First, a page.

Cyber-physical systems (CPS) are complex engineering systems that rely on the integration of physical, computation, and communication processes to function. Theories, algorithms, systems and methodologies developed for CPS are the foundations for applications like Internet of Things, industrial internet and automation, smart transportations, smart grids, smart cities, buildings and homes, data centers, health care, wellbeing and so on. Such systems must be operated safely, dependably, securely, efficiently and in real-time. Advances in this field will have great technical, economic and societal impacts in the near future. Since 2008, CPS Week is the premier forum for academic, industry, and governmental researchers to present latest research results and exchange ideas on all aspects of CPS.
CPS Week 2015 will be held in the beautiful city of Seattle, Washington, USA.
The event features four major collocated conferences:
HSCC: The 18th ACM/IEEE International Conference on Hybrid Systems: Computation and Control
ICCPS: The 6th ACM/IEEE International Conference on Cyber-Physical Systems
IPSN: The 14th ACM/IEEE International Conference on Information Processing in Sensor Networks
RTAS: The 21st IEEE Real-Time and Embedded Technology and Applications Symposium
In additional to major conferences, CPS Week 2015 will host workshops, tutorials, poster and demo sessions, competition, and PhD forums.
Abstract Registration: October 13th, 2014
Submission Deadline: October 20th, 2014
Notification Dates: vary by individual conferences
Workshop Date: April 13th, 2015
Main Conference: April 14th – April 16th, 2015
More information available here
The SenSys 2014 Doctoral Colloquium seeks to provide a friendly, supportive, and constructive environment where PhD students can present their research in progress for an open discussion guided by a panel of experienced researchers and practitioners.
The DC will be structured as a series of short presentations by the students followed by individual discussions, feedback, and advise. The student presentations will be interleaved with speeches by leading researchers, who will provide their own perspectives on current and future research trends in networked sensing, as well as on how to best purse a Ph.D. in this field. Participating students will also have the opportunity to present a poster during the main conference to leverage further interaction with SENSYS attendees.
Submission deadline: September 2nd, 2014
Notification of acceptance: September 15th, 2014
Ph.D. Forum: November 6th, 2014
More info available in the CFP
You can connect almost anything to a computer network. Light bulbs. Thermostats. Coffee makers. Even badgers. Yes, badgers.
Badgers spend a lot of time underground, which make it difficult for biologists and zoologists to track their whereabouts and activities. GPS, for example, doesn’t work well underground or in enclosed areas. But about five years ago, University of Oxford researchers Andrew Markham and Niki Trigonisolved that problem by inventing a wireless tracking system that can work underground. Their system is clever, but they didn’t do it alone. Like many other scientists, they turned to open source to avoid having to rebuild fundamental components from scratch. One building block they used is an open source operating system called Contiki.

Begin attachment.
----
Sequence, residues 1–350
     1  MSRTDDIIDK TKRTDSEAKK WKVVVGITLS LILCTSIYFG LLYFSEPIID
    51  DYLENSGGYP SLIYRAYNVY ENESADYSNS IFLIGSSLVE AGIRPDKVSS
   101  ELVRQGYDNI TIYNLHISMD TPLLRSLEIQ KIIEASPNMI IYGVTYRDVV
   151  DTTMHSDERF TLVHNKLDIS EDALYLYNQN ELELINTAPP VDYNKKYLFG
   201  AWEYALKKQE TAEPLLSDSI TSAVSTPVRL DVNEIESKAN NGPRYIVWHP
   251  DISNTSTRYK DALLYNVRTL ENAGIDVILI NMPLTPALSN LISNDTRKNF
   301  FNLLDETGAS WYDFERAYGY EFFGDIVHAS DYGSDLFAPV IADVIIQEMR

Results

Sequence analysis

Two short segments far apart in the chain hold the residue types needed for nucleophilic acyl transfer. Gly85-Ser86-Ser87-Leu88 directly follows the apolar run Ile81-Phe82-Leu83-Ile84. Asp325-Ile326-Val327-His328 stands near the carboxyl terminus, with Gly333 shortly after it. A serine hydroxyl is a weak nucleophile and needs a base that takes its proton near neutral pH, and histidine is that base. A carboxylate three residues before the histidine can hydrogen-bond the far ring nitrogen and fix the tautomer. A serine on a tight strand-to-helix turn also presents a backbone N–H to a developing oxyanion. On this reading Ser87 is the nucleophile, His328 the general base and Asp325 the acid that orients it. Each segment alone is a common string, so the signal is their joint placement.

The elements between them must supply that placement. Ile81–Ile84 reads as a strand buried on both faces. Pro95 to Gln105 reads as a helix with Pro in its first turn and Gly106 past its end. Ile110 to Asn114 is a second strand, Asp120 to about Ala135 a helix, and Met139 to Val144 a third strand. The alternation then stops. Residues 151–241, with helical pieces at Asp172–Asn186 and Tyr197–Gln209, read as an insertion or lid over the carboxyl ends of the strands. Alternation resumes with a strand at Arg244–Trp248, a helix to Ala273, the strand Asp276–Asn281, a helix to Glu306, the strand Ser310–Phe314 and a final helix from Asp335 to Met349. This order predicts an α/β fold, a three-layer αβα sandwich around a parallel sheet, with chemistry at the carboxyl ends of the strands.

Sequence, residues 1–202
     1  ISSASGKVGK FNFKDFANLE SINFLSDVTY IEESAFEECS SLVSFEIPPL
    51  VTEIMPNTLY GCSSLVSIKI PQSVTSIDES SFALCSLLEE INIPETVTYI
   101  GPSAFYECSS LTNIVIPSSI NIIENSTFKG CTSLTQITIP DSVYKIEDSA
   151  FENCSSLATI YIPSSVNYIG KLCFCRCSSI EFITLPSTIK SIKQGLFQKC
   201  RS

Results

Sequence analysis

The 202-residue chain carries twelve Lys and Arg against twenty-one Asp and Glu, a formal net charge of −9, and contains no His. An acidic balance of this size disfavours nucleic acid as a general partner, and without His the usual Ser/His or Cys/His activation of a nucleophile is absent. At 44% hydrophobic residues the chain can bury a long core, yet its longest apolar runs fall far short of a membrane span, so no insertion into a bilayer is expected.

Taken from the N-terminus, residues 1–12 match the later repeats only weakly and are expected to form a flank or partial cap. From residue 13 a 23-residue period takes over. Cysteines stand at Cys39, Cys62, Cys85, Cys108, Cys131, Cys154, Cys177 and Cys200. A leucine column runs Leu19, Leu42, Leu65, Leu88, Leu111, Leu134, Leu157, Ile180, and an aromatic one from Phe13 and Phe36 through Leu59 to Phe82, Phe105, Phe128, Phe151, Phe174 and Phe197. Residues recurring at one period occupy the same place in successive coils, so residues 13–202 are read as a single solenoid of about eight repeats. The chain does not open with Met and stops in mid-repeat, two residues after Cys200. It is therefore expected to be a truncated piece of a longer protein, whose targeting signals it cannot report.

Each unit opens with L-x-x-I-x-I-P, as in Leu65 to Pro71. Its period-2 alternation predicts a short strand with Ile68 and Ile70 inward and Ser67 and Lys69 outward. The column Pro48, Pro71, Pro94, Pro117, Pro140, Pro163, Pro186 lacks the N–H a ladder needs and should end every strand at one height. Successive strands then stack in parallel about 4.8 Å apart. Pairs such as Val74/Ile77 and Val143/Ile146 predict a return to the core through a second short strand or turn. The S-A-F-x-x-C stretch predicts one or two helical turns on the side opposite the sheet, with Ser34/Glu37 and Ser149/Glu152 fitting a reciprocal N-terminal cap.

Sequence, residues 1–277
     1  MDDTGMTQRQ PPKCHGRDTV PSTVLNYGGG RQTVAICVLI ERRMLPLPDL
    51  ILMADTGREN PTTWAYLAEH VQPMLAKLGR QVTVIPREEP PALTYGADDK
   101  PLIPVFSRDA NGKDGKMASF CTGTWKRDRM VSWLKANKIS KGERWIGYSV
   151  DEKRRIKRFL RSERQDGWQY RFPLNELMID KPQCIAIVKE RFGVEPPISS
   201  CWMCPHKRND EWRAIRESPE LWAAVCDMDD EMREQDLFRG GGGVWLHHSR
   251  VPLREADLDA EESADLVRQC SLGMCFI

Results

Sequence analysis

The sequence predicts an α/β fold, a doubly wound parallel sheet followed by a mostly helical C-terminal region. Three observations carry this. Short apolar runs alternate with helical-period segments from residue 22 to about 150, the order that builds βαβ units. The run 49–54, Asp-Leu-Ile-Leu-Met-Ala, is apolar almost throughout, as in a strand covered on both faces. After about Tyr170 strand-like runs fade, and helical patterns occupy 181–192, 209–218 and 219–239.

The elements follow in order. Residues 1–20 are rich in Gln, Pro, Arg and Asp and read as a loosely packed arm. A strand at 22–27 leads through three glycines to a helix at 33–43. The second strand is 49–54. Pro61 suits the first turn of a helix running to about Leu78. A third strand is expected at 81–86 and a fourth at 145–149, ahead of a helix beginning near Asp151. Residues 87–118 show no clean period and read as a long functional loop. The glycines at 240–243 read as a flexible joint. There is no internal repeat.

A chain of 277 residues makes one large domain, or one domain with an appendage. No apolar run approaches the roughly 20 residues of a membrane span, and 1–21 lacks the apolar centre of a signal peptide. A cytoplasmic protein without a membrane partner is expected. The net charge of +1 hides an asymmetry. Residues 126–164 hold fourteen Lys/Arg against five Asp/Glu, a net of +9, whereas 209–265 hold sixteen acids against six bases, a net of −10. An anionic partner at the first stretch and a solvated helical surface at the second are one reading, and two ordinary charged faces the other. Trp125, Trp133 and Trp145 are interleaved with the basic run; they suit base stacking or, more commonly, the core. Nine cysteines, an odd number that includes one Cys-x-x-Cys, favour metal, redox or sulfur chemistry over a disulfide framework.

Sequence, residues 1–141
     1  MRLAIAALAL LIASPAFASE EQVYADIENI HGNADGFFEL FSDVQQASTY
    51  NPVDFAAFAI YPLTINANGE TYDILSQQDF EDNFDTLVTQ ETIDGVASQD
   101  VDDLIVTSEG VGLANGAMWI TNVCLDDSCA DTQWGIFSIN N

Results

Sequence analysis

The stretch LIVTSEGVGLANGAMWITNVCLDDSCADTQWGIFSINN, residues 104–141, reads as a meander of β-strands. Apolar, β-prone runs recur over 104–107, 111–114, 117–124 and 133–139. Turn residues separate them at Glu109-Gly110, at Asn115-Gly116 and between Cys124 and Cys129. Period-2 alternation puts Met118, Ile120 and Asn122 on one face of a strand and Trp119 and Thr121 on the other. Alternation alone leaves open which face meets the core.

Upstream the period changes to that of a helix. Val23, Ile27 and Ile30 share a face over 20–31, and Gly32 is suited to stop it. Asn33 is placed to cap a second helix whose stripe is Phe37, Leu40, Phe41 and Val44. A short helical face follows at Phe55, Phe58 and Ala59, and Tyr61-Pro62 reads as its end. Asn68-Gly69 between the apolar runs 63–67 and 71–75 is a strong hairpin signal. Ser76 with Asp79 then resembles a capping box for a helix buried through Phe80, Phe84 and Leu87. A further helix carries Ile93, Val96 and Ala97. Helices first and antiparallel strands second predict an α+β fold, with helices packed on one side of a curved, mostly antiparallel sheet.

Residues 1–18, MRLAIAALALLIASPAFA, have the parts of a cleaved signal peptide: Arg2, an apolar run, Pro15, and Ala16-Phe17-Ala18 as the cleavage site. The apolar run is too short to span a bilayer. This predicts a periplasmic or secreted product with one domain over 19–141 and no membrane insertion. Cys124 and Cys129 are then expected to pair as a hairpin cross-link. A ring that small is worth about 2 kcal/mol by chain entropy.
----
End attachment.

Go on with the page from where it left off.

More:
“Contiki was a real enabler as it allowed us to do rapid prototyping and easily shift between different hardware platforms,” says Markham, now an associate professor at the University of Oxford.
Contiki isn’t nearly so well-known as Windows or OS X or even Linux, but for more than a decade, it has been the go-to operating system for hackers, academics, and companies building network-connected devices like sensors, trackers, and web-based automation systems. Developers love it because it’s lightweight, it’s free, and it’s mature. It provides a foundation for developers and entrepreneurs eager to bring us all the internet-connected gadgets the internet of things promises, without having to develop the underlying operating system those gadgets will need.
Perhaps the biggest thing Contiki has going for it is that it’s small. Really small. While Linux requires one megabyte of RAM, Contiki needs just a few kilobytes to run. Its inventor, Adam Dunkels, has managed to fit an entire operating system, including a graphical user interface, networking software, and a web browser into less than 30 kilobytes of space. That makes it much easier to run on small, low powered chips–exactly the sort of things used for connected devices–but it’s also been ported to many older systems like the Apple IIe and the Commodore 64.
Read the complete article here.
The D3S group invites applications for two PhD positions in wireless sensor networks (WSNs). D3S is a cross-institution research group focusing on dynamic, decentralized, distributed systems.
In the context of WSNs, the D3S group has been particularly successful in bringing research results into real-world, long-term, operational deployments. Examples are the structural health monitoring of a medieval tower, and the closed-loop control of lighting in a road tunnel. The scientific results of these projects received the Best Paper Award at IPSN (both in 2009 and 2011) and the Mark Weiser Best Paper Award at PerCom 2012.
Other ongoing projects include: i) a project aimed at large-scale monitoring of the environment and the wildlife dwelling in it; ii) a cross-disciplinary project on smart spaces; iii) a follow-up project of the road tunnel deployment, investigating energy-harvesting devices and wireless actuation.